When the Dow Jones Industrial Average hit 13,000 during intra-day trading this week, Wall Street cheered for a moment, then took a step back to reflect. Why should investors really care what the Dow does?
Nothing Attracts a Crowd Like a Crowd
The reason why investors should care is because investors care. This sounds a bit silly and redundant but investing is largely a herd activity. If an investor thinks the herd will like something, the investor may naturally have a bias toward that same thing and if an investor thinks the invest fears something, the investor will also likely fear it. To paraphrase John Maynard Keynes, it's not important to choose who you think is the prettiest girl but who the judges think is the prettiest girl.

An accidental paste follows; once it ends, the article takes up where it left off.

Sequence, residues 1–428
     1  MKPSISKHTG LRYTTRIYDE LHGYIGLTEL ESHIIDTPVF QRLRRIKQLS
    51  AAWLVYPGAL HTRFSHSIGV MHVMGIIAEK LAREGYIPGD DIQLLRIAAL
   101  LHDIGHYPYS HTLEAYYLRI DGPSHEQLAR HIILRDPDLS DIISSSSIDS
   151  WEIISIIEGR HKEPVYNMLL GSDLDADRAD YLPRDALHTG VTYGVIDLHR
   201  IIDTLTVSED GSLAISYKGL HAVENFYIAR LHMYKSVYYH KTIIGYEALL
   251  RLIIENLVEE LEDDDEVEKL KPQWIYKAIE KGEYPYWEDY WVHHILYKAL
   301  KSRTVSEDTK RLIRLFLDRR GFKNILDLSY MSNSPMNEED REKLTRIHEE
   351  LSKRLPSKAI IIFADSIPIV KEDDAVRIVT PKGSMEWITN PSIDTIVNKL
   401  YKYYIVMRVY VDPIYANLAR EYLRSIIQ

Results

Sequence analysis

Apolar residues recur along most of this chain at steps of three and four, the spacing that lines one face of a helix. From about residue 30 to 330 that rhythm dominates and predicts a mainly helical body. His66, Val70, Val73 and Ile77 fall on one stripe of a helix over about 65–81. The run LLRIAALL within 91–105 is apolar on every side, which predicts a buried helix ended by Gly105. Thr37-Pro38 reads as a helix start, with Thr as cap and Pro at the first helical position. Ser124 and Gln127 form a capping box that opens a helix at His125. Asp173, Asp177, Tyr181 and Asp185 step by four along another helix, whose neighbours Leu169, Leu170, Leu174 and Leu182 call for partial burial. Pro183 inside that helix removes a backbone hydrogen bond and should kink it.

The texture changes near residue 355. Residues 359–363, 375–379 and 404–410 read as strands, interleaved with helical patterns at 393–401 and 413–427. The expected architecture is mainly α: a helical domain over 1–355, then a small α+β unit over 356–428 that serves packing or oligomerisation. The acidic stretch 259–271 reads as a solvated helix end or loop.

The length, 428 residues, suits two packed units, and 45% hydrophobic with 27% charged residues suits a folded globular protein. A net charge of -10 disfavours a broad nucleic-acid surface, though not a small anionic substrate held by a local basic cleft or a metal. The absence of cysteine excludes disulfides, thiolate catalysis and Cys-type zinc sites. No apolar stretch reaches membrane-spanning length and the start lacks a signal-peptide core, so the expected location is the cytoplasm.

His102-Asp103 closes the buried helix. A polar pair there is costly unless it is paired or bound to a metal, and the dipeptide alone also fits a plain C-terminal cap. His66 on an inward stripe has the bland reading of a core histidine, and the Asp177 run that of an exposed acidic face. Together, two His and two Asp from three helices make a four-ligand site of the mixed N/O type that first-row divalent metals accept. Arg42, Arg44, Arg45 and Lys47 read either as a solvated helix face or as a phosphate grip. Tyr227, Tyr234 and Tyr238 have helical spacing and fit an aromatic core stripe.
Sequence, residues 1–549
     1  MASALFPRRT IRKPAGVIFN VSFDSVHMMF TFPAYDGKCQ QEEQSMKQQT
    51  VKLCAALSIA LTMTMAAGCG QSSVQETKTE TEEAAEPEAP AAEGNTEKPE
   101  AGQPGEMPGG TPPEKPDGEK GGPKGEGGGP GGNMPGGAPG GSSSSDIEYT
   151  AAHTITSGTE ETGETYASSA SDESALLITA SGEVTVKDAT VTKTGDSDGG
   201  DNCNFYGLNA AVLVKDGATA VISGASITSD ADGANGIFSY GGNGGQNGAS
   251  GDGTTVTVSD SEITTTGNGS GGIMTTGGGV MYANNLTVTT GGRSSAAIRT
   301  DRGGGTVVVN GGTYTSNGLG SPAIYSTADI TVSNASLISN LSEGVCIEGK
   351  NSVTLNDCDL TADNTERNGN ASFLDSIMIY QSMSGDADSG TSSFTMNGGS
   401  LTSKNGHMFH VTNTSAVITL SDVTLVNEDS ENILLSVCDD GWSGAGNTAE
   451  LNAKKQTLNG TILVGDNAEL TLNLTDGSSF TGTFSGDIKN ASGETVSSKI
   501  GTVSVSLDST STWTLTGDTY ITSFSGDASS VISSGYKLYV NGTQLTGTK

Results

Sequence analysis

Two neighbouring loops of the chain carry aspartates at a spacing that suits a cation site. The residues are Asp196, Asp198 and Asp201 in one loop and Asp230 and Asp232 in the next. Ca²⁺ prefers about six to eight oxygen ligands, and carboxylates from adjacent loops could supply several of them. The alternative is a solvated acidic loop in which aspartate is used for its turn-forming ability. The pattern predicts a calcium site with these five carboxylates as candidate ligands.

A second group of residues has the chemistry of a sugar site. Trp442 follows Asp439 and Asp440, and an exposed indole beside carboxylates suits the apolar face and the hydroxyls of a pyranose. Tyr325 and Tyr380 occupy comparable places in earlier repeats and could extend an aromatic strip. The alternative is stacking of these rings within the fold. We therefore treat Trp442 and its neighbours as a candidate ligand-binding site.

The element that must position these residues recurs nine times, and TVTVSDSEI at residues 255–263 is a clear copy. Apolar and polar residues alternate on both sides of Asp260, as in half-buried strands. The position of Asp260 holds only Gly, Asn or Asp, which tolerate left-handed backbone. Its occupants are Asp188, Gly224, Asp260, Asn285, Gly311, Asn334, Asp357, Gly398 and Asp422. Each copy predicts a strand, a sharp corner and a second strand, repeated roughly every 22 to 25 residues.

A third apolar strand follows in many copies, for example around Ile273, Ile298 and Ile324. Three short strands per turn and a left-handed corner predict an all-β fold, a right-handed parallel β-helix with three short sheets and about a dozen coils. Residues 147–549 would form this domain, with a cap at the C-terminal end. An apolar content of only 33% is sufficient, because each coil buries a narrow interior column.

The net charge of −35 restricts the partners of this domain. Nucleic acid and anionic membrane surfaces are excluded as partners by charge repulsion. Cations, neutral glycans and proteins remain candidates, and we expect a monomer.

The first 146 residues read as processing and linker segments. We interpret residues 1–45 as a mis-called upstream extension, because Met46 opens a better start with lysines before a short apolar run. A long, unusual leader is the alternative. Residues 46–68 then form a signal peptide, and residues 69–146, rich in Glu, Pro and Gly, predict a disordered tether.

In summary, the Dow hit 13,000 this week for a moment then fell because the crowd felt a bit intimidated by this new large number not seen in four years. Some investors question whether the Dow "still matters" anymore because it only represents 30 large US companies, whereas the S&P 500 Index represents approximately 500. The Dow does still matter because it is a psychological barometer -- it is something the crowd watches. Therefore the investor watches it.
The Dow is the pretty girl.